Describing part of the source code of an html page as a link to a 'direct download' is hardly valid in this context is it?

Nobody's going to approach a site in that way.

  beynac 14:31 14 Jun 2007

Yes, I believe that it is valid in this context. I didn't describe the link as 'part of the source code', I said that it was obtainable from looking at the source code. I'm obviously not going to post the link in question.

My point, covered in another thread, is that the process of 'signing up' and downloading the software can be hijacked. MBS say that this is not possible because the user has to tick a box on the page.

When people are directed to the website by advertisers/affiliates they will have the affiliate's reference appended to the url. This is read by javascript (support.js) on the sign-up page. If it is a direct link (someone typed in the url) then a default affiliate id is created. This information is used to create cookies, which are needed by the software installation. At this point all the user has done is to click on a link on an advert. The cookies are set whether or not the user decides to carry on. There is a simple javascript to determine whether the box has been ticked to accept the T&C. The user then clicks on the "GET INSTANT ACCESS NOW!" button. The software is downloaded and installed. The link is directly to the executeable.

My point is that once the cookies have been set, the software can be downloaded and installed, without further checks, by the direct link I mentioned.

I'm not suggesting that anyone would "approach a site in this way". I'm suggesting that their system's not foolproof. MBS seem to put great store by the tickbox as their security check. In my opinion, it would be fairly easy for someone to bypass this.

I'm not in any way alleging that MBS are aware of this happening - quite the reverse.

Based on my experience, I believe that it is possible to set the cookies and download the software without the user being aware of it. If you tell me that it is definitely not possible, I will refrain from mentioning this again.

  €dstowe 15:25 14 Jun 2007

All of this is a totally pointless exercise.

It doesn't matter even if MBS has a Royal Warrant to carry on their business even they must see that their business methods are causing problems, sometimes very severe problems and suicide has mentioned by their "victims" because of the way the systems operate.

MBS have probably created more correspondence on PCA forums than any other subject and all of it is negative. Why do they refuse to see there is something wrong with the way they do business?

A lot of the work my company does comes under the public gaze. If there is one complaint about our work, we look into it. If there are more complaints, we know there is something very amiss and we would most likely have the work withdrawn and then carry out an investigation to check on the validity of the complaint. Even if nothing was seen to be wrong from our point of view, just the fact that there had been public concern would ensure that the offending item was never seen again.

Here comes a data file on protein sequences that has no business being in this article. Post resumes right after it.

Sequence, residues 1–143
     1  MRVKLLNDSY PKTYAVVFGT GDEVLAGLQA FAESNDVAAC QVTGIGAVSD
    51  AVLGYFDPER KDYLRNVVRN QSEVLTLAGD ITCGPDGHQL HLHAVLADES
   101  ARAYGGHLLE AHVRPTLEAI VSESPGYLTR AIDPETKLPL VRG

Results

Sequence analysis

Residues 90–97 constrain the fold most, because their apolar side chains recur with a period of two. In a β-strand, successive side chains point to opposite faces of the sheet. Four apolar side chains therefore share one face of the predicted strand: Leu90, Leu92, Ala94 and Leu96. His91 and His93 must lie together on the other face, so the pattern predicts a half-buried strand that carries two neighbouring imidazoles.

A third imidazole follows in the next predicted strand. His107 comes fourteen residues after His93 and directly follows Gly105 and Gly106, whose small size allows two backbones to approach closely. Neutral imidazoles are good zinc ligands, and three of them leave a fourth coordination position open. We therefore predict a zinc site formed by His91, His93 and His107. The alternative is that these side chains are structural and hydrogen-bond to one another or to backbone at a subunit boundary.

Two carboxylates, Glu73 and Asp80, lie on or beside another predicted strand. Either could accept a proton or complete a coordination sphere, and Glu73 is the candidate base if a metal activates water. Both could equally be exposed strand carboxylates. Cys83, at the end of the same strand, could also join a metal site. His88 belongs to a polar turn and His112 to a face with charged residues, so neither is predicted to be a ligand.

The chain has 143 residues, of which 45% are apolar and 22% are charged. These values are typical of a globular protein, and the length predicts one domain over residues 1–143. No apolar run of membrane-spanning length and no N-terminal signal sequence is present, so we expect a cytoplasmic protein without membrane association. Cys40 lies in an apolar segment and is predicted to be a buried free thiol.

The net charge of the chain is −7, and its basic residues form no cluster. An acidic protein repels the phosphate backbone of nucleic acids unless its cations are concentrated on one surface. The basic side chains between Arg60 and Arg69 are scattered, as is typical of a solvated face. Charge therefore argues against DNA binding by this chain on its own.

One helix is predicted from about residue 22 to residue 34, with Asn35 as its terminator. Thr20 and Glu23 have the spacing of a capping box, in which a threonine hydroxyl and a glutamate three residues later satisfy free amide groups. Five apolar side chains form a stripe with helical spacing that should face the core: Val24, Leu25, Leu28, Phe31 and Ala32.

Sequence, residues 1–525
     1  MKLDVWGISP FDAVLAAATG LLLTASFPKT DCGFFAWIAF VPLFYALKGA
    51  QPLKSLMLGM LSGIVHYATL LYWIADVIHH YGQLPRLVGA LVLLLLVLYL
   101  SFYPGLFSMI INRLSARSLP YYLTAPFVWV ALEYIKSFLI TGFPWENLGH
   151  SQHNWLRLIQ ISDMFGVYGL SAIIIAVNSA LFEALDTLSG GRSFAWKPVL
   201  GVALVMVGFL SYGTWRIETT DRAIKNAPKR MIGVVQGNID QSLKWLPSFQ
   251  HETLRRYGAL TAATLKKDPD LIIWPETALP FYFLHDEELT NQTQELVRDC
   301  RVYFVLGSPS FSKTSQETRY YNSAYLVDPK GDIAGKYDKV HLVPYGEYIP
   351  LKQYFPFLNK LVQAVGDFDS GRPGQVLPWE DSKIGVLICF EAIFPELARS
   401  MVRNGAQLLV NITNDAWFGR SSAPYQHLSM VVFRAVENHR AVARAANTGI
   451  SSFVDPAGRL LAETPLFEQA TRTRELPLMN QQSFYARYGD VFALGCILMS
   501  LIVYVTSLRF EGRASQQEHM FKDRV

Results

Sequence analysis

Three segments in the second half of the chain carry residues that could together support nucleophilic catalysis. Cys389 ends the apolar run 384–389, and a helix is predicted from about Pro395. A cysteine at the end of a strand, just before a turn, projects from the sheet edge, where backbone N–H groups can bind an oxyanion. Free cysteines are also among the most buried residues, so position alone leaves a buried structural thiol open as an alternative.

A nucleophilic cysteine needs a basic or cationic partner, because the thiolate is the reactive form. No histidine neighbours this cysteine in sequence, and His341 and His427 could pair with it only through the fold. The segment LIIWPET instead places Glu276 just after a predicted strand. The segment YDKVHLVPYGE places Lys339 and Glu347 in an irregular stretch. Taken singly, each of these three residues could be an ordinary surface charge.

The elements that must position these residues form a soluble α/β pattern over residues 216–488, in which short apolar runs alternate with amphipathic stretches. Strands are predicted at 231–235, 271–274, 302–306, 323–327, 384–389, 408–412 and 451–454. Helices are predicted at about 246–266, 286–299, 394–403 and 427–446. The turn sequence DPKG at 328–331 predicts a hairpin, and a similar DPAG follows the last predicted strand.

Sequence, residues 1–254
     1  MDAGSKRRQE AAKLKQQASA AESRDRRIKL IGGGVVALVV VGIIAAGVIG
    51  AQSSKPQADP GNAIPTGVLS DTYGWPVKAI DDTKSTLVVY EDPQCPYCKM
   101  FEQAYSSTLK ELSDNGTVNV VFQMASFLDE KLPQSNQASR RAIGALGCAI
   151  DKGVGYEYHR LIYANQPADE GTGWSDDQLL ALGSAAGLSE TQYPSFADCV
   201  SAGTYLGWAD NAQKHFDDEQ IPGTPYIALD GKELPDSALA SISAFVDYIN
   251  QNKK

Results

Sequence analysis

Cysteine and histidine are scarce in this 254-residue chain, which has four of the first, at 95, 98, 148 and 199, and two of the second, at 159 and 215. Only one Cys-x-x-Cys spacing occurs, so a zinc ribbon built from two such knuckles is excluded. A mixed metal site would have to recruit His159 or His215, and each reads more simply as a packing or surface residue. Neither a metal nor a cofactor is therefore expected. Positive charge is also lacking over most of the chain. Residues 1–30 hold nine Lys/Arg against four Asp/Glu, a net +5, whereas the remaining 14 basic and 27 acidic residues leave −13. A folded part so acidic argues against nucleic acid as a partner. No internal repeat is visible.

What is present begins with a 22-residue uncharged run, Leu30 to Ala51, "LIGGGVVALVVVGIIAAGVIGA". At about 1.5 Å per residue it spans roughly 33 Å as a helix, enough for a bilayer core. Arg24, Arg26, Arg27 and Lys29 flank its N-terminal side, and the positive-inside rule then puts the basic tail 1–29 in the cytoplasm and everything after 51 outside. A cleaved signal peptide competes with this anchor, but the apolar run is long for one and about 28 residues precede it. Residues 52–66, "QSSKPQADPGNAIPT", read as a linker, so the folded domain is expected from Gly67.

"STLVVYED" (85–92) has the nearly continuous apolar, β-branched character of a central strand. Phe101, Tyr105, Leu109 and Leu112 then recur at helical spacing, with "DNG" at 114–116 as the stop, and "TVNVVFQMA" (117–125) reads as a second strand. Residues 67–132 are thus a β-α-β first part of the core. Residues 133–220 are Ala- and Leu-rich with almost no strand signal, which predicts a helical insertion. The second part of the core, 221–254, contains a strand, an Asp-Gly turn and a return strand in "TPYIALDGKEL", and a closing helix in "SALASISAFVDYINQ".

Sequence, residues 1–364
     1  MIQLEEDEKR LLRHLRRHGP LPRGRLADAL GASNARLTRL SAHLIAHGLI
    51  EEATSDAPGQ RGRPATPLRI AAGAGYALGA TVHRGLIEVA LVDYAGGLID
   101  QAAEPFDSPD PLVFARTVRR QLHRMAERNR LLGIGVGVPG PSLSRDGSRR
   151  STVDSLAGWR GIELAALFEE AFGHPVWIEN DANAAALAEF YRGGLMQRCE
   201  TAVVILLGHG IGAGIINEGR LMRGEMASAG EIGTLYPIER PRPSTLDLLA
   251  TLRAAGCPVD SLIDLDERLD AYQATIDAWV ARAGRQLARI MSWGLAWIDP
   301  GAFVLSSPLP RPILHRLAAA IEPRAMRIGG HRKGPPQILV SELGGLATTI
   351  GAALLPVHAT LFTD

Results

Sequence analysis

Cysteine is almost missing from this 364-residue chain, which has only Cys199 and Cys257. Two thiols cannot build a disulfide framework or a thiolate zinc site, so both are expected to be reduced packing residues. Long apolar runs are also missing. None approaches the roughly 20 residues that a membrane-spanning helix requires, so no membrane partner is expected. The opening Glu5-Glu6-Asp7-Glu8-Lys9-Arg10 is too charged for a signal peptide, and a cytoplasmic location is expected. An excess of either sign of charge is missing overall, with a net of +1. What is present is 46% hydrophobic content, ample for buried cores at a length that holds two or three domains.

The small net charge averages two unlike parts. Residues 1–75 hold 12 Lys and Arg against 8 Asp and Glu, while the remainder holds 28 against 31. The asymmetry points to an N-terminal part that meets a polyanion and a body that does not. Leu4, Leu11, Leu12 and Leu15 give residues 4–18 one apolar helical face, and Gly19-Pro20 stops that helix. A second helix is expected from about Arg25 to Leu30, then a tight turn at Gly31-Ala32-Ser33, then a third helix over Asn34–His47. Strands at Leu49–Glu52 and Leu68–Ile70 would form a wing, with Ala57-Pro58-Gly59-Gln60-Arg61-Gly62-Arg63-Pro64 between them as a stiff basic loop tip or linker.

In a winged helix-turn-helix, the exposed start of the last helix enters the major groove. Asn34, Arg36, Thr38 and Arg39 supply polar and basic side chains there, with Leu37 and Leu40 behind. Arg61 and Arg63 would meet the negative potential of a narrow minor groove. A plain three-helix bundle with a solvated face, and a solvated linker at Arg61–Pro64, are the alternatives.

I can't believe that MBS still think that they are in the right and are, apparently, doing nothing to change their methods.

  Forum Editor 15:52 14 Jun 2007

I'm certainly not going to tell you that the MBS system is foolproof - that's not for me to do, and you raise some good points.

As far as the contract terms are concerned I do have a view, however. The terms and conditions applying to an online contract must be agreed by both parties and incorporated into the contract between them, and simply placing them on a website is not enough to incorporate them into a contract. Both the parties must agree that they're entering the contract on the stated terms, and they must do so before (or at the same time as) becoming contractually bound.

When dealing with customers of a website a seller of goods and/or services should ensure that the ordering process requires that a customer reads and agrees to the seller's terms and conditions. The right way to do this is to put the terms and conditions on a separate page in the sales process and require that the customer acknowledges he/she has read them, and agrees to them by clicking an "Agree" or "Accept" button before entering the contract to buy.

Many websites try to speed up the process by placing a 'terms & conditions' link on the main sales process page, and requiring customers to tick a box to confirm that they are accepting those terms and conditions. No tick in the box means the sale can't proceed. Next to, or very near to the box should be a 'buy now' or 'Proceed' button, and also a button allowing them to cancel the sale.

There's a problem inherent in relying on JavaScript based client-side validation to confirm whether a customer has ticked a box, because some customers will have turned turned JavaScript off in their browsers – meaning that they don't tick the box,and the terms and conditions aren't incorporated.

In America there's been a lot of criticism of the so-called "browse-wrap" agreement, which gives an online customer the option to follow a link to the supplier's terms and conditions before placing an order, but doesn't require that they're looked at before ordering. The Federal Trade Commission has spoken out against browse-wraps, and one New York court has ruled that because these agreements do not bring the relevant terms to the attention of the purchaser before the contract is made they are not binding on the purchaser.

This thread is now locked and can not be replied to.